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are gas prices obama's fault?


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#1 PhillyB

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Posted 21 January 2013 - 11:29 PM

honest question, no rhetoric or snark intended. i had a friend that generally posts inane conservative bullshit (stuff even stirs and G5 would back away from) and today he re-posted something from another batshit crazy guy that basically said "gas prices were $1.84 on 1/20/2008 and they're $3.36 on 1/20/2012. And yet the majority of Americans re-elected this clown."

i asked for clarification, and one of the commenters replied:

Didn't approve the pipeline, moratorium on Gulf drilling, sent billions to Brazil and other countries to develop new drillings and sell it to us, and slowed any recovery enough (now worse) that created a domino effect in higher fuel prices - raising the price of everything dependent on it. He's closed 40% of our coal plants, doubling the average price of electricity, raising that cost of development.



what are your thoughts on this? are there indeed direct correlations between current gas prices and the laundry list of oblunders above? or is there more to it than this?

#2 Kevin Greene

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Posted 21 January 2013 - 11:41 PM

$3.36?
It's $3.60 and up in SoCal.

#3 Jase

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Posted 21 January 2013 - 11:45 PM

Mmmm no

ZIRP

But I guess Obama is a Zirp enabler, so in a way he's responsible for not stopping the fed I guess.

#4 Delhommey

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Posted 21 January 2013 - 11:48 PM

Posted Image

The market's a bit more complex than political talking points.

There was a massive overcorrection right before Obama took office.

#5 Frash Brastard

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Posted 21 January 2013 - 11:53 PM

I don't care whose fault it is. All I want is to not have to close an IRA just to fill up my tank

#6 PhillyB

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Posted 21 January 2013 - 11:57 PM

interesting article on the "war on coal" (even though it's not directly relevant to the question at hand it was brought up by the guy in the OP)

#7 Delhommey

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Posted 21 January 2013 - 11:57 PM

Unless you want to nuke China and India into the stone age, prices are going to stay similar to where they are and eventually move their way up. The era of cheap gas as a primary fuel source is pretty much done, barring catastrophe.

#8 SZ James

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Posted 21 January 2013 - 11:58 PM

No.

#9 PhillyB

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Posted 21 January 2013 - 11:58 PM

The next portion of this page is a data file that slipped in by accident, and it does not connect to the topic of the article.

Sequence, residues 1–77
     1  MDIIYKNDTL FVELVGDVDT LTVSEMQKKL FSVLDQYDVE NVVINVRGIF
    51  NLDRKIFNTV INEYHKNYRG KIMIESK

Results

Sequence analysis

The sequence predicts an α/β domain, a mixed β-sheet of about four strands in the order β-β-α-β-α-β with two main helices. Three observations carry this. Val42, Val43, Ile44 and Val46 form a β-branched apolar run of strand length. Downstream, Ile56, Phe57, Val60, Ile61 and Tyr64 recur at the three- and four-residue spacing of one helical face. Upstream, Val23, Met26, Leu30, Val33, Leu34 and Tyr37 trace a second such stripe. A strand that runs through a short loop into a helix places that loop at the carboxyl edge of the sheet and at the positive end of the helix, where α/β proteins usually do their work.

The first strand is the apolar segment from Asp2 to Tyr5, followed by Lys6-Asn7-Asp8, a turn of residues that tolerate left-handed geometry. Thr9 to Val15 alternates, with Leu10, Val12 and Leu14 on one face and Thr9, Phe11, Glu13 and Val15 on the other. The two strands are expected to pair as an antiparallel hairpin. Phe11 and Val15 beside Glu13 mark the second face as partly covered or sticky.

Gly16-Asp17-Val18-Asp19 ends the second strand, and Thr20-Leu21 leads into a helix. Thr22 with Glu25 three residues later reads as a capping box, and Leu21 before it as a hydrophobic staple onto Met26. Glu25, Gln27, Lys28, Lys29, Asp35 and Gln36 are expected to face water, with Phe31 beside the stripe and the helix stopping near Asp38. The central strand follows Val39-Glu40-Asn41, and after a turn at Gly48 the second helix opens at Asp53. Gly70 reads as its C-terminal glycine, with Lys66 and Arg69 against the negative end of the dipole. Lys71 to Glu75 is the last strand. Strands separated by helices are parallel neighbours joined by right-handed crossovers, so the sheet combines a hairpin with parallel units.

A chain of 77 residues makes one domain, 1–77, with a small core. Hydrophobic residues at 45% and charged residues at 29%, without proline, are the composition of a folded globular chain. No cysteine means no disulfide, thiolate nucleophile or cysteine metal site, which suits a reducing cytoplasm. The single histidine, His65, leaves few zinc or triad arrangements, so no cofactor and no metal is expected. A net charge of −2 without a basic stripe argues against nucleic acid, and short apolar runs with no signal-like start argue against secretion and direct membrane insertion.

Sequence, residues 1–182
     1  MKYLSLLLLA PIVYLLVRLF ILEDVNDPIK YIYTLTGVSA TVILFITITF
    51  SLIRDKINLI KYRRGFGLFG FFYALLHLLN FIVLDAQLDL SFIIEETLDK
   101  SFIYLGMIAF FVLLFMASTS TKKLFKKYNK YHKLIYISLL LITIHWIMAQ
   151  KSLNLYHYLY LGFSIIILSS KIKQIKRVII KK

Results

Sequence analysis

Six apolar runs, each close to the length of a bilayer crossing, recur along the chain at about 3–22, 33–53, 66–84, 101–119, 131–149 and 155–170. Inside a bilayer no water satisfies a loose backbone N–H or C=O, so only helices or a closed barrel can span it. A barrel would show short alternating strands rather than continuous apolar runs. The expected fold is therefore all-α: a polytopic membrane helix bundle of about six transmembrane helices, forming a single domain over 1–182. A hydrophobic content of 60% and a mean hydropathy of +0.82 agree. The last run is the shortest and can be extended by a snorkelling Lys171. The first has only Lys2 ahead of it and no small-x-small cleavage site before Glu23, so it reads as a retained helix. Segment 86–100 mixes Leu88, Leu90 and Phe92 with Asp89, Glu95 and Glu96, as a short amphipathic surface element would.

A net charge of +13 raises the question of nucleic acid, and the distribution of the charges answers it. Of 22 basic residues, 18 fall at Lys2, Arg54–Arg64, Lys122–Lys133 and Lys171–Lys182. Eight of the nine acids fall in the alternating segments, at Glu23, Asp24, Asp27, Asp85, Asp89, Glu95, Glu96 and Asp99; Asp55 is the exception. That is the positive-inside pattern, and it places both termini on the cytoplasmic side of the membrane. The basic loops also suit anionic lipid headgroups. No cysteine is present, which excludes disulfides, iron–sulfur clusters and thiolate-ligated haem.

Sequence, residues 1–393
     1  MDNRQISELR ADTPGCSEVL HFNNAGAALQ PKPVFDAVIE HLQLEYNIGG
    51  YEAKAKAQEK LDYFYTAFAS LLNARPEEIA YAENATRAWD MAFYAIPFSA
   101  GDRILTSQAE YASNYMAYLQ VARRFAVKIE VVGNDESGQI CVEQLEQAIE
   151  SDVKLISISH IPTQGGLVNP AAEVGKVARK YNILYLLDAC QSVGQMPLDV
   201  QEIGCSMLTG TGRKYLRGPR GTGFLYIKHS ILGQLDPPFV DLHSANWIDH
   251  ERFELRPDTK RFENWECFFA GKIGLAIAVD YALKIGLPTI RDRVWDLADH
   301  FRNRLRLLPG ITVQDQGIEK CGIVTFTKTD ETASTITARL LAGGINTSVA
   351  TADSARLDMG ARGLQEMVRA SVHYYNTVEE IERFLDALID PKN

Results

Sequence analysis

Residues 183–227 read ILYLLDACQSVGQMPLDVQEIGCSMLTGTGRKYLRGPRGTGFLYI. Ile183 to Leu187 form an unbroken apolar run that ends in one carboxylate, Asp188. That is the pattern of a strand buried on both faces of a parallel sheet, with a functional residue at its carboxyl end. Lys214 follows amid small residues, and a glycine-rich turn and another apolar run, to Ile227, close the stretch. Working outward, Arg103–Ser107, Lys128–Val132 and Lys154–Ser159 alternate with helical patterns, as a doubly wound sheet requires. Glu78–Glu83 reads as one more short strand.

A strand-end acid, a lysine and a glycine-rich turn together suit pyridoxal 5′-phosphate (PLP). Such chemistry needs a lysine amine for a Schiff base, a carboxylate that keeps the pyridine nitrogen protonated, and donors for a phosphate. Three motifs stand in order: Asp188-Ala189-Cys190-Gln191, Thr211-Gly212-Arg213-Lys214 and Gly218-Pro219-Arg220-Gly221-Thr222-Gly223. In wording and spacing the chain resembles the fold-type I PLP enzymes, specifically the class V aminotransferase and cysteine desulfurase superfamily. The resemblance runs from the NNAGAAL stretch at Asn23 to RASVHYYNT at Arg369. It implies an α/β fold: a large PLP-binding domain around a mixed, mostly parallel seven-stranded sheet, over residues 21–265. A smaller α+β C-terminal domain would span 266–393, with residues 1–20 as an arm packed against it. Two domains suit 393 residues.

Posted Image

The market's a bit more complex than political talking points.

There was a massive overcorrection right before Obama took office.


interesting. do you have a link for that?

#10 Delhommey

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Posted 22 January 2013 - 12:03 AM

interesting article on the "war on coal" (even though it's not directly relevant to the question at hand it was brought up by the guy in the OP)


So archaic, heavily polluting coal plants are being replaced by cleaner burning natural gas?

Where's the problem exactly?

#11 PhillyB

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Posted 22 January 2013 - 12:05 AM

So archaic, heavily polluting coal plants are being replaced by cleaner burning natural gas?

Where's the problem exactly?


you're supposed to read "war on coal" and "obama" in the same sentence and grab your pitchfork

#12 Delhommey

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Posted 22 January 2013 - 12:05 AM

Gas prices are fairly easy to research:

http://www.eia.gov/d..._dcus_nus_w.htm


#13 Delhommey

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Posted 22 January 2013 - 12:07 AM

you're supposed to read "war on coal" and "obama" in the same sentence and grab your pitchfork


Or be thankful that natural gas prices have plummeted in the last 4 years.

And that's no more Obama's doing than rising gas prices.

#14 Davidson Deac II

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Posted 22 January 2013 - 07:31 AM

A segment of the populace blamed Bush when prices were high during his administration. And now a segment on the other side blames Obama when prices are high. Both are equally wrong and mostly foolish.


JACK CAFFERTY: And wait until the economy gets a little worse -- and it will in the next three or four months -- and we wind up in a good deep recession about late summer. McCain's going to have a lot of work to do.
WOLF BLITZER: Well, can he disassociate himself, distance himself from the President?
CAFFERTY: I don't know. Oil was $28 a barrel when George Bush was sworn in. It's $104 right now and could go to $120 soon. Now, why do you suppose that is? It wouldn't have to do with the policies of the Bush administration or the relationship they have with the oil companies, would it? Come on.





#15 g5jamz

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Posted 22 January 2013 - 08:15 AM

No.

The Jan 20th, 2009 gas prices were a very short time where the price dropped and not indicative of the average through that year, but it didn't stop people from equating Bush's oil friends for doing whatever they do to make more money. You see the same sort of ridiculousness now with Obama taking oil money for inauguration and people claiming he's looking out for big oil. Problem is...oil is a commodity that is highly sensitive to a lot of factors. Can an election of a president make a difference? Sure. Probably not so much the US president...but more like, for example, a Venezuelan president that threatens to nationalize oil companies in his/her country.


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